Step 7 – The follow through
As you’re completing your throw, you will plant your foot firmly and release the disc. During release, your arm will allow the disc to be released and you will enter the follow through. The follow through is simple. You just allow your arm and your body to, “follow through,” with the motion that you are already performing. This is simply allowing your body to continue through the motion as you spin or move yourself in the direction of the throw.
The follow through is important for (3) reasons
• It’s part of the consistency concept: we will talk about consistency throughout a lot of the posts on this blog because being consistent is what leads to improvement and mastery of all things including disc golf. Completing your throw with the follow through keeps the entirety of your throw consistent.
• It helps you get more velocity and power on the end of the throw: if you don’t follow through, you won’t have the ability to get maximum velocity on your disc. The follow through allows you to go from the beginning with the hip rotation and the reach back all the way through with your arm whipping the disc through the follow through.
• It keeps you from getting injured: those who don’t follow through are risking injury because they are forcing the body to stop all of their momentum right at the peak of their shot, when the arm is coming through at full force. The body needs to naturally continue through the motion so none of the muscles are strained or torn.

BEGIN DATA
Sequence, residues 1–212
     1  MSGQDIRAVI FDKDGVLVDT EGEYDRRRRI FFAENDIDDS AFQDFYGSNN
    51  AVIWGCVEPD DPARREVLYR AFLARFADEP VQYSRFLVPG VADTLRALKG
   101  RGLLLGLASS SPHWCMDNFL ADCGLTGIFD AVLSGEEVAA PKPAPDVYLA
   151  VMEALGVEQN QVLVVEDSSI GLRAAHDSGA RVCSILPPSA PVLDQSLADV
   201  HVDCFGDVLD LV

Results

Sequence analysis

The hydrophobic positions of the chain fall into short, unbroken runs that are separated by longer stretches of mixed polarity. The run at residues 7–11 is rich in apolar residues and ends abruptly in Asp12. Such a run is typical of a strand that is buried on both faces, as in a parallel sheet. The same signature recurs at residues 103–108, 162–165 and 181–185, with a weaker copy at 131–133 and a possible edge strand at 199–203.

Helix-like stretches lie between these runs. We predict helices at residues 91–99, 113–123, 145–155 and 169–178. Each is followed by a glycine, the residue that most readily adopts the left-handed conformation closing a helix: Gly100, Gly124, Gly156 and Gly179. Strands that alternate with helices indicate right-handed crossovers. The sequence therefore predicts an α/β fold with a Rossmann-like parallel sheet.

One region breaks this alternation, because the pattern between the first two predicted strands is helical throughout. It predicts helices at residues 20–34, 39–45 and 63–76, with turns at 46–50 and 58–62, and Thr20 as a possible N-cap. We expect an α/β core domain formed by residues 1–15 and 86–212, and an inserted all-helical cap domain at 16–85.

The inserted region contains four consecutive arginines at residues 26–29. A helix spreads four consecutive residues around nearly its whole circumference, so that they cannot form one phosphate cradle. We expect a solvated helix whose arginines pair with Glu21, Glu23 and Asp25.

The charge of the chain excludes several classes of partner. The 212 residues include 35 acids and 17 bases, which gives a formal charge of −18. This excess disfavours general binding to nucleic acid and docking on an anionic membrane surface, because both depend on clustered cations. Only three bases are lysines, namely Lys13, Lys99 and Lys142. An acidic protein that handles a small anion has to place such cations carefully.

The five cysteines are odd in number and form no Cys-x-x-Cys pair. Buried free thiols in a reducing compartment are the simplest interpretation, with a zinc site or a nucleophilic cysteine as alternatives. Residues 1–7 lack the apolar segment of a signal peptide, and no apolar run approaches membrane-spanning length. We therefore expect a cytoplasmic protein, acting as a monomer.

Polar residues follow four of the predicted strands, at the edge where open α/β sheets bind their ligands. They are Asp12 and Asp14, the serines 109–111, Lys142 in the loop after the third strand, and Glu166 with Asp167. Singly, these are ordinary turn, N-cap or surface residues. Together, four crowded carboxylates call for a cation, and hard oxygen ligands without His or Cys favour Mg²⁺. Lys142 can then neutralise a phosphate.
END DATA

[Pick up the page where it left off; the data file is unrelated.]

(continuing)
So just remember…
It takes all seven steps working together in sync to be able to throw with perfect, or even good, technique. And none of steps are any more important than another step. If you’re lagging in one, it can throw off your whole technique. So it’s important to practice your technique over and over and over again. If you can continue to do that, and be patient with yourself in the process, you have the ability to become a great disc golfer.
Have a pre-throw warm up routine before each shot
The pre-throw warm-up routine: a staple of some of the best disc golfers in the world. Some pros grab dirt and rub their hands together, others visualize the throw, and then some blow on their fingers to dry them off. It doesn’t matter who are or what your skill is, you need to have a pre-throw warmup routine.
It’s like a baseball player tapping his bat on the ground before he hits or a basketball player dribbling exactly three times before a free-throw. It’s the routine. The thing that gets your head in the game and focused on that moment. In disc golf, that moment comes right before you throw the disc.
And you may already have a routine. If so, that’s fantastic. Keep doing whatever you’re doing as long as it helps you get focused. If you don’t have a routine, get one. Steal one, borrow one, or make it up. Just find a way to focus yourself so that you can get in the zone.
The pre-throw routine (and good technique) keep you consistent.
If you can maintain a high level of consistency in your game, you will get better. This is because consistency is one of the keys to disc golf. Disc golf is tough and being consistent with every hole and every throw matters. In a somewhat odd way, your pre-throw routine helps you throw the same way for every shot which normally correlates to solid scoring rounds. So get your technique squared away and make sure your pre-throw routine is on point. Because that’s how you keep crushing it on the disc golf course.